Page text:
Which? uses cookies to improve our sites and by continuing you agree to our cookies policy.

Aberystwyth University

Hanes a Gwleidyddiaeth Ryngwladol (History and International Politics)

UCAS Code: VLD2
BA (Hons) 3 years full-time 2017
BA (Hons) 4 years part-time 2017
Ucas points guide

Not Available

% applicants receiving offers

Not Available

Subjects
  • Politics
  • History by period
Student score
85% MED
90% HIGH
% employed or in further study
95% MED
93% MED
Average graduate salary
£18k MED
£16k MED
Icon pencil

What do you need to get in?

Source: UCAS

Main entry requirements

A level
Not Available

BBB with B in any subject

Scottish Highers
Not Available

BTEC Diploma
Not Available

DMM-DDM

UCAS tariff points
Not Available

If your qualifications aren’t listed here, you can use our UCAS points guide of Not Available and refer to the university’s website for full details of all entry routes and requirements.

The real story about entry requirements

% applicants receiving offers

Not Available

Provided by UCAS, this is the percentage of applicants who were offered a place on the course last year. Note that not all applicants receiving offers will take up the place, so this figure is likely to differ from applicants to places.

What does the numbers of applicants receiving course offers tell me?

Tuition fee & financial support

£9,000

Maximum annual fee for UK students. NHS-funded, sandwich or part-time course fees may vary.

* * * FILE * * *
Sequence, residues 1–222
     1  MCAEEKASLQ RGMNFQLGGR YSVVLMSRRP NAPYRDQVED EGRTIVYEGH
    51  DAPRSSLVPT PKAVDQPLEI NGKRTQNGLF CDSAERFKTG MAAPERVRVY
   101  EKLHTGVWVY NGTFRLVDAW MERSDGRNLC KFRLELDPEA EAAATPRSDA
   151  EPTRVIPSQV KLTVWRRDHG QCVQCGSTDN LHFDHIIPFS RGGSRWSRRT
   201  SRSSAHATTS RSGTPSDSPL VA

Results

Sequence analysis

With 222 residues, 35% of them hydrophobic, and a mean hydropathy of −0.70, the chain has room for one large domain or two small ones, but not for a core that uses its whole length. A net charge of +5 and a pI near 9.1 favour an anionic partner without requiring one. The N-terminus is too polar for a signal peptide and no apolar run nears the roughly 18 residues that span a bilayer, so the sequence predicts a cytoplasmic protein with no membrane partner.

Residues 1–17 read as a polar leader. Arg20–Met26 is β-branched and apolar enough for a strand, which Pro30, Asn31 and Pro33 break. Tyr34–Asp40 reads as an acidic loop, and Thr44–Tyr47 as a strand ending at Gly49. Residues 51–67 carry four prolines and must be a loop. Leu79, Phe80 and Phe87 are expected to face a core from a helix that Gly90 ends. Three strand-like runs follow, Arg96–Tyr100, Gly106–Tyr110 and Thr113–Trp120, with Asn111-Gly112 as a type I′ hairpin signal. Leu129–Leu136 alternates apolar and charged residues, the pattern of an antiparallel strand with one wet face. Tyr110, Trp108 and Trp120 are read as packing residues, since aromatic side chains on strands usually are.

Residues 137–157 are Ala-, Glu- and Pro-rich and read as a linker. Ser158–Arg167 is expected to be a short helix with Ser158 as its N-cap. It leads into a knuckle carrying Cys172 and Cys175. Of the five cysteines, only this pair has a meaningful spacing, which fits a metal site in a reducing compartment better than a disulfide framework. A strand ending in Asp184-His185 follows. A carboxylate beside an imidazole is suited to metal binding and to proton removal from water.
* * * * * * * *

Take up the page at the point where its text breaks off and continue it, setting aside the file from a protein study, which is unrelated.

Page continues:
If you live in:

  • Scotland and go to a Scottish university, you won’t pay tuition fees
  • Northern Ireland and go to an NI uni, you’ll pay £3,805 in tuition fees
  • Wales you’ll pay £3,810 in fees and get a tuition fee grant to cover the rest
Icon docs

Will this course suit you?

Sources: UCAS & KIS

Every degree course is different, so it’s important to find one that suits your interests and matches the way you prefer to work – from the modules you’ll be studying to how you’ll be assessed. Top things to look for when comparing courses

Course description

Bu modd astudio Hanes fel pwnc ym Mhrifysgol Aberystwyth ers ei sefydlu yn 1872, a thros y 140 mlynedd diwethaf rydym wedi perffeithioâ??r cynlluniau gradd yr ydym yn eu cynnig er mwyn sicrhau dy fod yn cael y radd orau posib. Mae darlithwyr yr Adran Hanes a Hanes Cymru i gyd hefyd yn ymwneud â gwaith ymchwil diweddar. Gallwn felly roi cyfle iti ddatblygu dy ddoniau a dy ddiddordebau hanesyddol drwy astudioâ??n agos gyda thiwtoriaid syâ??n arbenigwyr yn eu meysydd. Caiff yr adran ei chydnabod fel un oâ??r prif adrannau Hanes ym Mhrydain. Bwriad elfen hanesyddol y radd yw datblygu dy ddiddordebau hanesyddol, gan ehangu a dyfnhau dy wybodaeth a dy ddealltwriaeth oâ??r pwnc. Maeâ??r rhaglen wedi ei chynllunio i fod yn hyblyg iawn, fel bod modd teilwraâ??r radd i dy ddiddordebau penodol dy hun. Fel rhan o dy radd ym Mhrifysgol Aberystwyth byddiâ??n meithrin sgiliau gwerthfawr gan gynnwys y gallu i brosesu llawer iawn o wybodaeth a chyfathrebuâ??n effeithiol ar lafar ac ar bapur. Sefydlwyd yr Adran Gwleidyddiaeth Ryngwladol yn 1919 ar ddiwedd y Rhyfel Byd Cyntaf, a dymaâ??r adran brifysgol gyntaf oâ??i bath, ac maeâ??n parhau i fod yn un oâ??r adrannau gwleidyddiaeth a chysylltiadau rhyngwladol mwyaf yn Ewrop, a chanddi dros 40 o staff academaidd. Maeâ??r awyrgylch dysgu cynhyrfus a chosmopolitaidd yma yn croesawu myfyrwyr o bedwar ban byd, ac yn gartref bywiog i drafodaeth wleidyddol gyfoes. Mae gan yr adran hanes hir o edrych ar y byd a gofyn cwestiynau sylfaenol am ystod o bynciau â?? materion megis rhyfel, cudd-wybodaeth a diogelwch, tlodi byd-eang, moeseg a newid hinsawdd; sut y daeth y byd i fod fel ag y mae, a sut y mae hynnyâ??n newid o hyd.